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New York City Schools to Hand Out Condoms

<i> From Associated Press</i>

After months of debate and a last-minute compromise effort, the Board of Education voted Wednesday night to hand out condoms on request in the nation’s largest school system, as part of a stepped up effort to fight AIDS.

Condoms initially will be available at 30 to 35 schools, then phased in at the rest of the city’s 120 schools, which enroll a total of 260,000 students.

Parents’ permission will not be required, an issue that was the major sticking point for the board, which approved the plan on a vote of 4 to 3. Several board members tried to negotiate an “opt-out” clause, allowing parents to write notes to exclude their children.

Schools Chancellor Joseph A. Fernandez insisted that no “opt-in” be required. He said that to make teens get their parents’ permission would scare them away from the condom giveaways.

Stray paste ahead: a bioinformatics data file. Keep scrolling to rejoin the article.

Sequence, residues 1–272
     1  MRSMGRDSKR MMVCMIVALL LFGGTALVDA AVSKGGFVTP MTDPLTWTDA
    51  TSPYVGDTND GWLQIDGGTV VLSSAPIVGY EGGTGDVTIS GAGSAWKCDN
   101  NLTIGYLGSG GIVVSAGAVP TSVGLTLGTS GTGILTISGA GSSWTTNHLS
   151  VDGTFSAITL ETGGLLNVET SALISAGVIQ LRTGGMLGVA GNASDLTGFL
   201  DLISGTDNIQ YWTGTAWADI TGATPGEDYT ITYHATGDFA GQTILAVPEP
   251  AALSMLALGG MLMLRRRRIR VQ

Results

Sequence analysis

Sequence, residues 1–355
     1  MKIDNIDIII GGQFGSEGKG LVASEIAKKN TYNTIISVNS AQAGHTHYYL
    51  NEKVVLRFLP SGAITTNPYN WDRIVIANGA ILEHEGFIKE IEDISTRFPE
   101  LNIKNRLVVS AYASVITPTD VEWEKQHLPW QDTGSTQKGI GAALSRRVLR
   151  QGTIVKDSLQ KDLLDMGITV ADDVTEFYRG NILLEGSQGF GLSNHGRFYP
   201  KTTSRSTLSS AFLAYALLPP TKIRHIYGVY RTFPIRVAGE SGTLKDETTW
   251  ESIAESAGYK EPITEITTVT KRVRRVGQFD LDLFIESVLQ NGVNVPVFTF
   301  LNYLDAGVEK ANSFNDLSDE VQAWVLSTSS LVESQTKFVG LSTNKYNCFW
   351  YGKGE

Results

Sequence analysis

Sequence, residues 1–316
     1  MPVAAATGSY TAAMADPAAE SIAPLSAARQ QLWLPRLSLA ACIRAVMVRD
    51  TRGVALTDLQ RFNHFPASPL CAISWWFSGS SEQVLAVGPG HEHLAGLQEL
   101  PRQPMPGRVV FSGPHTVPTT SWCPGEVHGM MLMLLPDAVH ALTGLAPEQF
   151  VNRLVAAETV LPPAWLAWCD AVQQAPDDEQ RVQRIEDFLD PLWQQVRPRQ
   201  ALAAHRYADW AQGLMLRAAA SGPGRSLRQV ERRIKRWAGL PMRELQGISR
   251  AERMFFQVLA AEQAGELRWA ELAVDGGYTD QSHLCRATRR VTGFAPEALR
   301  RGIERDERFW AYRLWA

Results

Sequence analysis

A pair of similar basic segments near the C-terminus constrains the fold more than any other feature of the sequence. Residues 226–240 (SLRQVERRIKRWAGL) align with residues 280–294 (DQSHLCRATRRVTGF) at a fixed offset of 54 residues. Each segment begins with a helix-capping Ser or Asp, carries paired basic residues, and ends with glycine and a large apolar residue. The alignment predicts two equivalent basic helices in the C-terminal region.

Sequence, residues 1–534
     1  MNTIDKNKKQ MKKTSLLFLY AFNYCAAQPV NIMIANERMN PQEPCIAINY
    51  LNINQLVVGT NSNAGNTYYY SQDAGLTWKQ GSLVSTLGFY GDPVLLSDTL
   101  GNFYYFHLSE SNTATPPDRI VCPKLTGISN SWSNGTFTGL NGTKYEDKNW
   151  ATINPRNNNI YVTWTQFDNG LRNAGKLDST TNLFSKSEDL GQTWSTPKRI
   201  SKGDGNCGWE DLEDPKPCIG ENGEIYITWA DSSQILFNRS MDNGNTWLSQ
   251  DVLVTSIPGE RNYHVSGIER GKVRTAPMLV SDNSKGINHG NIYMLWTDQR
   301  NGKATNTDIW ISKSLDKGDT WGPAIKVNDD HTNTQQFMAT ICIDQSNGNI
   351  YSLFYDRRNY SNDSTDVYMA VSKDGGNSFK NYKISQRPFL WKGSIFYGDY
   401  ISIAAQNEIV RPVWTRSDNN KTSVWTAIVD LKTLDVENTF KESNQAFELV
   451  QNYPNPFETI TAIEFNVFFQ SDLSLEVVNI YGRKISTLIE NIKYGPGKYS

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The plan is the most liberal such program in the nation because it does not involve sending students to health clinics to get the condoms, said Robin Lewis, spokeswoman for the Center for Population Options in Washington. Trained adult volunteers will provide the condoms, with counseling available but optional.

Students will not have to identify themselves to receive a condom.

Mathilde Krim, adjunct professor of public health at Columbia University and founding co-chair of the American Foundation for AIDS Research, estimates that two of every 100 teen-agers in the city--more than 5,160 public school students--are infected with the virus for acquired immune deficiency syndrome.

Fernandez estimated 80% of the city’s young people have sex by age 19. Dr. Alwyn T. Cohall, who runs three of the city’s 17 school-based clinics, said one in four sexually active high school students gets a sexually transmitted disease before graduation.

Opponents contended that the proposal will not necessarily reduce teen pregnancies or the risk of infection.

Eleanor Kelly, a mother of three teen-agers and past president of a conservative group, Parent Roundtable, said it also would promote “a false sense of security, thereby encouraging more of our young people to engage in high-risk behavior.”


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